HazingPrevention.org and Sigma Nu Fraternity have begun their 2012 #40answers campaign to address hazing. Each day from August 15th through September 24th (the start of National Hazing Prevention Week), they will post a commonly used answer that attempts to justify hazing. Click here for details on how to participate, and look for the hashtag #40answers on Twitter.
Today’s item is – “New members have to earn their way into this group/team/organization.”
This item is ripe for discussion within the context of several items about hazing in NFL Training Camps. Bleacher Report has “Recapping the Best and Worst of NFL Rookie Hazing so Far;” Deadspin has a story on hazing haircuts (somewhat NSFW); and USA Today contributes a slideshow of NFL hazing over the past several years.
What I found most notable about these stories is that with a few exceptions, I have never heard of most of these hazing targets. As an NFL fan (and Fantasy Football player), I feel like I have a pretty good handle on the players in the league. If these unknown players are being targeted for hazing, what does it really have to do with “earning their way onto the team?”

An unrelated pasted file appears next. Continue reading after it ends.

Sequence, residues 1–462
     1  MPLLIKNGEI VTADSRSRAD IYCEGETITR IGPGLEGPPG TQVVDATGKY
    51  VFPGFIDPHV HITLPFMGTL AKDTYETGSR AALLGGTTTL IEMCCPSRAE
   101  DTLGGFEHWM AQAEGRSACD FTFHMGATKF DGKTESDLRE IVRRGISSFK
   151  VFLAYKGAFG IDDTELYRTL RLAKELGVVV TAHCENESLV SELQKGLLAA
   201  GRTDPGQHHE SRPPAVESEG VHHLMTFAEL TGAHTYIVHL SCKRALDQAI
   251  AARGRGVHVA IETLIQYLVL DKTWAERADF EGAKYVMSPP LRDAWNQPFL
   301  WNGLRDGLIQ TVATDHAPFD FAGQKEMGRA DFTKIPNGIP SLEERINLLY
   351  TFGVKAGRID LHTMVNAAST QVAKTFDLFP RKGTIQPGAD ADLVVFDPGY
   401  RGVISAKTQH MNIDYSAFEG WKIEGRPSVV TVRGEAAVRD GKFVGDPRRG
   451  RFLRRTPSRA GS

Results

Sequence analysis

It appears to me that this activity is not hazing (with the intent of bringing people into the group), but is actually bullying with an intent to keep them out. I guess I can understand the threat that these veterans may feel as they are competing for their highly lucrative jobs (without guaranteed contracts). What I don’t understand is why the owners, coaches, and established stars, allow this behavior to continue.
As you see stories about NFL hazing this summer, take a closer look to see who is involved. Are the victims the players with a borderline chance to make the team and take someones job? Are the perpetrators established stars, or are they journeymen players trying to hold on for another year at a greater than half a million dollar job?